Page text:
Skip to main content

My Five Favorite Conservative Games

While going through my Rook's Bailey blog entries, I rediscovered an entry that listed my five favorite conservative games from 2008.  For the most part, I still stand by these nominations (one has changed... read the article to see why).  What do you think?  What are some of your favorite games that you would consider to be "conservative gaming"?


There has been a lot said about the manifest left-wing lunacy of Hollywood, but it has always struck me as very interesting that another portion of modern entertainment media, indeed, a portion that is beginning to eclipse Hollyweird itself, is largely free of preachy left-wing nonsense [starting to change in 2010! - ST]. No, I’m not referring to television; I’m speaking about gaming. Why is it that the average game is actually quite conservative in its outlook? Perhaps it’s because liberalism is just incompatible with the highly-competitive world of gaming (after all, how do you make a game where no one is allowed to do better than anyone else?)? Or maybe it’s just because gaming is still under the radar of the left (who has time to play a game when there is so much to protest in the world?!?)?

Here are my top five conservative games:

#5: Warhammer 40K: Jeez, how does one quickly explain the complex world of Warhammer 40K? The twenty year’s worth of lore surrounding this game universe makes Middle Earth’s lore seem absolutely superficial by way of comparison! Suffice to say, Warhammer 40K deals with galactic warfare during a dark, brutal time when man is fighting against its own extermination at the hands of implacable alien and deamonic enemies. Begun as a tabletop miniatures game, today 40K has expanded into the world of PC gaming with four (soon to be five) successful RTS games and one MMO currently under development. What is more, the 40K universe has become so popular that the game has spun-off a thriving publishing operation (the so-called Black Library) that has proven popular with both fans of the game and those who have never played it.

Why is it conservative? For me, it has to do with two reasons. First, it is the unrelenting and unabashed way in which the heroes of the Imperium, be it the elite Space Marines or the grunt Imperial Guard, seek the total defeat of their enemies. At a time when America is at war, it can be very refreshing to have a game that abandons the ‘politically correct warfare’ that so many in politics and media seek for us to adopt – no matter how much is harms our cause. I can assure you in the world of 40K, you won’t find the defenders of mankind weeping over a little water boarding or seeking a modus vivendi with their foes. For example, one of my favorite 40K quotes is found in Dawn of War (one of the PC versions of the game) where a Space Marine captain is want to shout “This is the judgment of the righteous!” as he guns down enemy upon enemy. Another great quote from that game is “Victory needs no explanation, defeat allows none.” And we can’t forget the truism “Success is measured in blood; yours or your enemy´s.” True. In a feminized world, 40K is testosterone-laden refuge of larger than life heroes who make it their life work to obliterate evil.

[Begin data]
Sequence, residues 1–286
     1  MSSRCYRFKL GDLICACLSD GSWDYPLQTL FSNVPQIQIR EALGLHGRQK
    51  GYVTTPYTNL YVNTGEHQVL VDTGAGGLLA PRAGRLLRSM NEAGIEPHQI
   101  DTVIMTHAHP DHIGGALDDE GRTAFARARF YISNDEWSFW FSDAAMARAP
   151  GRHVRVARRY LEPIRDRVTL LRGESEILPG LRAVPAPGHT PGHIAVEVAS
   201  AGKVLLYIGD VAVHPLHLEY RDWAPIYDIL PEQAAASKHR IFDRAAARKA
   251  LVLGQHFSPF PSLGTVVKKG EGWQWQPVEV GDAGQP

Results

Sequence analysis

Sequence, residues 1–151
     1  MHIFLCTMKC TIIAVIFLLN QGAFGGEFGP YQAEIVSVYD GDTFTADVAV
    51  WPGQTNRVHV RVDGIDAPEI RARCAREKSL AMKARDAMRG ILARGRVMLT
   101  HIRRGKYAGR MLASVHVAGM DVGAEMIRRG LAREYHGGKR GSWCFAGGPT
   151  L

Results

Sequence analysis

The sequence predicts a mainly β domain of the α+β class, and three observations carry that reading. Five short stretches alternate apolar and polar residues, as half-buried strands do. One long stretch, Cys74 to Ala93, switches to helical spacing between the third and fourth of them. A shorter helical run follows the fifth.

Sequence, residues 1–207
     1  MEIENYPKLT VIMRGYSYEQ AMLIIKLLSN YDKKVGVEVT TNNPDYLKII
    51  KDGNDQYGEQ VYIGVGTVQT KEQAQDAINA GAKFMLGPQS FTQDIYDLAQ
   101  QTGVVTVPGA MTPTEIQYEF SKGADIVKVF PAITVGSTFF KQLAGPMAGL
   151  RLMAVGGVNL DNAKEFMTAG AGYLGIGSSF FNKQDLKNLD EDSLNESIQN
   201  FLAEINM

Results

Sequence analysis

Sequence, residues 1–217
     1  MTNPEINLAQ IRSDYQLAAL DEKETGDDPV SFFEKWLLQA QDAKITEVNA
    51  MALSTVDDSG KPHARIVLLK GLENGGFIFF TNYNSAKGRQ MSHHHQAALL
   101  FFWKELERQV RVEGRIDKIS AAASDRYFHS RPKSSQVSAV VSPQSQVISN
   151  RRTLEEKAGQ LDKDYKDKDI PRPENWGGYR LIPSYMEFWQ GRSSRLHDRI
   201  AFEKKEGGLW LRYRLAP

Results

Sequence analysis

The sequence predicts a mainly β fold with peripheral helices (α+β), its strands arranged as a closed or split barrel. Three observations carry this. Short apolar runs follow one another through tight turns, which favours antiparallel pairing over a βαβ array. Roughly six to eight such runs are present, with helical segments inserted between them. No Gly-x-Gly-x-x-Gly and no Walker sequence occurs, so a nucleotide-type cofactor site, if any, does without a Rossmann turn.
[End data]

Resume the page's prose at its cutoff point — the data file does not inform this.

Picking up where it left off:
My second reason is the religious faith that binds the Imperium of Man. While some complain that the religiosity found in 40K has fascist overtones (a not inconsiderate point), I like to look on the brighter side (if there is a bright side in 40K!). The faith of mankind in the “Undying Emperor” is what binds a million disparate worlds in common cause against the hellish enemies that come out of the blackness of space (there’s no multiculturalism in 40K!). What is more, it is this faith that serves to inspire men of all walks to life to heroic deeds that faithless men would never be able to achieve. Again, some of my favorite quotes: “Fear denies faith!” It certainly does. And who could forget that “the difference between heresy and treachery is ignorance.” Lastly, “Educate men without faith and you but make them clever devils.” Good stuff!

 #4: World in Conflict: Does any conservative not love the movie Red Dawn? Combining the classic virtues of minuteman vigilance and patriotism, Red Dawn is the conservative movie of the 20th Century. Well, now you can play the game too! World in Conflict is Massive Entertainment’s unabashed tribute to Red Dawn and puts the player in charge of commanding American and NATO forces as they fight off a Soviet invasion of Europe and America circa 1989 (sure, you can play the Ruskies too, but who wants to do that?). Combining innovative 16 v 16 multiplayer gameplay along with graphical realism that could almost be mistaken for news videotape, World in Conflict gives every conservative an opportunity to find out that the only good commie is a dead commie.